In Silvaco Data systems v. Intel Corp., 184 Cal. App. 4th 210 (2010), the Court of Appeals described the difference between a patent and a trade secret as follows:
The sine qua non of a trade secret … is the plaintiff’s possession of information of a type that can, at the possessor’s option, be made known to others, or withheld from them, i.e., kept secret. This is the fundamental difference between a trade secret and a patent. A patent protects an idea, i.e., an invention, against appropriation by others. Trade secret law does not protect ideas as such. Indeed a trade secret may consist of something we would not ordinarily consider an idea (a conceptual datum) at all, but more a fact (an empirical datum), such as a customer’s preferences, or the location of a mineral deposit. In either case, the trade secret is not the idea or fact itself, but information tending to communicate (disclose) the idea or fact to another. Trade secret law, in short, protects only the right to control the dissemination of information.
Seizing on the sentence, “[t]rade secret law does not protect ideas as such,” the losing defendant in Altavion v. Konica Minolta Systems Laboratory Inc., ___ Cal. App. 4th ____ (2014), argued that design concepts – i.e., the ideas – underlying the plaintiff’s digital stamping technology was not protectable as a trade secret.
The Court of Appeal in Altavion soundly rejected the defendant’s arguments, and upheld the trial court’s finding of misappropriation. Trade secret law protects “information.” Civ. Code § 3426.1(d). Unlike patentable ideas, which must be novel, useful and new, “a trade secret in the broad sense consists of any unpatented idea which may be used for industrial and commercial purposes.” Sinclair v. Aquarius Electronics, Inc., 42 Cal. App. 3d 216, 222 (1974) (citation omitted). In other words, whether an idea is patentable or not is irrelevant; the key is whether the idea itself has been kept secret.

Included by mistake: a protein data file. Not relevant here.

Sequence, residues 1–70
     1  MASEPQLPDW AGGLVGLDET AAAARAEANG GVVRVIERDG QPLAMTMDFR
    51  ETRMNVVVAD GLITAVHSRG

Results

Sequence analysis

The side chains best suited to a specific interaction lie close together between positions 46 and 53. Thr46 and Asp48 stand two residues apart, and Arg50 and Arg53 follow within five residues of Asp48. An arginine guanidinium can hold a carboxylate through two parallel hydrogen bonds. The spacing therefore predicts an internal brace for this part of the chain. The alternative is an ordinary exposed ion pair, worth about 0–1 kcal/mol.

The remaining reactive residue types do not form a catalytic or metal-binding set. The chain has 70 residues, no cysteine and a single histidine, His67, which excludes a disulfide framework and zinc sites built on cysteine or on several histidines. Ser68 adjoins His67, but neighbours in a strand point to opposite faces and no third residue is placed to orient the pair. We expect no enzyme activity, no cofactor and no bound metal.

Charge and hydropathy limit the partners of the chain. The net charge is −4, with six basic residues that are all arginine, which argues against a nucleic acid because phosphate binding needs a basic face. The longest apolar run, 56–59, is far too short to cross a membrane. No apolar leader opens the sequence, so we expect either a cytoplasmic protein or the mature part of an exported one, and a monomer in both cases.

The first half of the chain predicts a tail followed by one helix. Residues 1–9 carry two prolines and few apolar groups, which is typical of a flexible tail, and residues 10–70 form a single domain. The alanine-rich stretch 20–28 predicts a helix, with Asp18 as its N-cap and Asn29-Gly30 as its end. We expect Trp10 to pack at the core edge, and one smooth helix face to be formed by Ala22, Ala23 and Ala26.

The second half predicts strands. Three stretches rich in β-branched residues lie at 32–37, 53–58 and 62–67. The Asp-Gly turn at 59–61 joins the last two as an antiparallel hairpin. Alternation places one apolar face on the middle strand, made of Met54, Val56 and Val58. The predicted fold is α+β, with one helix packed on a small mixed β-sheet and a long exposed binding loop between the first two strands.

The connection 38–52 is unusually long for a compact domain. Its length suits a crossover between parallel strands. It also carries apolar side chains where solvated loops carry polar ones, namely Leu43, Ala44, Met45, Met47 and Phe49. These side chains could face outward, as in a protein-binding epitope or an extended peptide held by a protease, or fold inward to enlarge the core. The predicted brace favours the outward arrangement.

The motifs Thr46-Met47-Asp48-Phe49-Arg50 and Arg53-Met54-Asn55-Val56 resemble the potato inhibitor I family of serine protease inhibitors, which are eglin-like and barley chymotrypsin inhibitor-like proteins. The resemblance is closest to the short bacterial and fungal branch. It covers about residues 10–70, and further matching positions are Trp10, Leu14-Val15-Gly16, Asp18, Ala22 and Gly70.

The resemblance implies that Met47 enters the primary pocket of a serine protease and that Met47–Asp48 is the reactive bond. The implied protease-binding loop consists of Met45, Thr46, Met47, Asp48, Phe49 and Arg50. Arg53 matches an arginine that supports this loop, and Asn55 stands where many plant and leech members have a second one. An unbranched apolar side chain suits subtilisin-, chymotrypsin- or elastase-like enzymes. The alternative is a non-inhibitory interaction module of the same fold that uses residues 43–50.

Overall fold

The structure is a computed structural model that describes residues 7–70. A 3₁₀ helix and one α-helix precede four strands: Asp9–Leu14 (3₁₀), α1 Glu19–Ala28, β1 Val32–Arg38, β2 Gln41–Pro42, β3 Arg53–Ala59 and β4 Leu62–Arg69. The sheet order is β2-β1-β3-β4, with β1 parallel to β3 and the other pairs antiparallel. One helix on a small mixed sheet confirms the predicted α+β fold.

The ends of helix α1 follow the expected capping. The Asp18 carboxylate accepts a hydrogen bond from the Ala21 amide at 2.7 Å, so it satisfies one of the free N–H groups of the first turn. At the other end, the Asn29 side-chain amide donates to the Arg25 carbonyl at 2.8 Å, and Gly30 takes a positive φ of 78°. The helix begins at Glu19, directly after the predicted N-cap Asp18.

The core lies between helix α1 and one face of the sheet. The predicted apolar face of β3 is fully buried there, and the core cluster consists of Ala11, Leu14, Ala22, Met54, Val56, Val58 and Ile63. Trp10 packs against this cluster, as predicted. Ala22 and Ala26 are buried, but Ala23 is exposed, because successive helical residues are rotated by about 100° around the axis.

The evidence at trial in Altavion was that the trade secrets at issue were not disclosed to anyone other than the defendant, and that the disclosure to the defendant was subject to an NDA. Not only did the plaintiff testify that he knew of no other similar technology at the time his company made a significant investment to develop it, but the Court of Appeal found that the trial court could reasonably infer that the trade secrets were not generally known from the fact that the defendant obtained patents based on the technology.
Altavion confirms the critical importance of the plaintiff’s ability to demonstrate that the trade secret was not generally known and that the plaintiff took reasonable steps to maintain its secrecy. Carefully employed, trade secret laws can be an important tool for protecting commercially valuable information and should not be overlooked.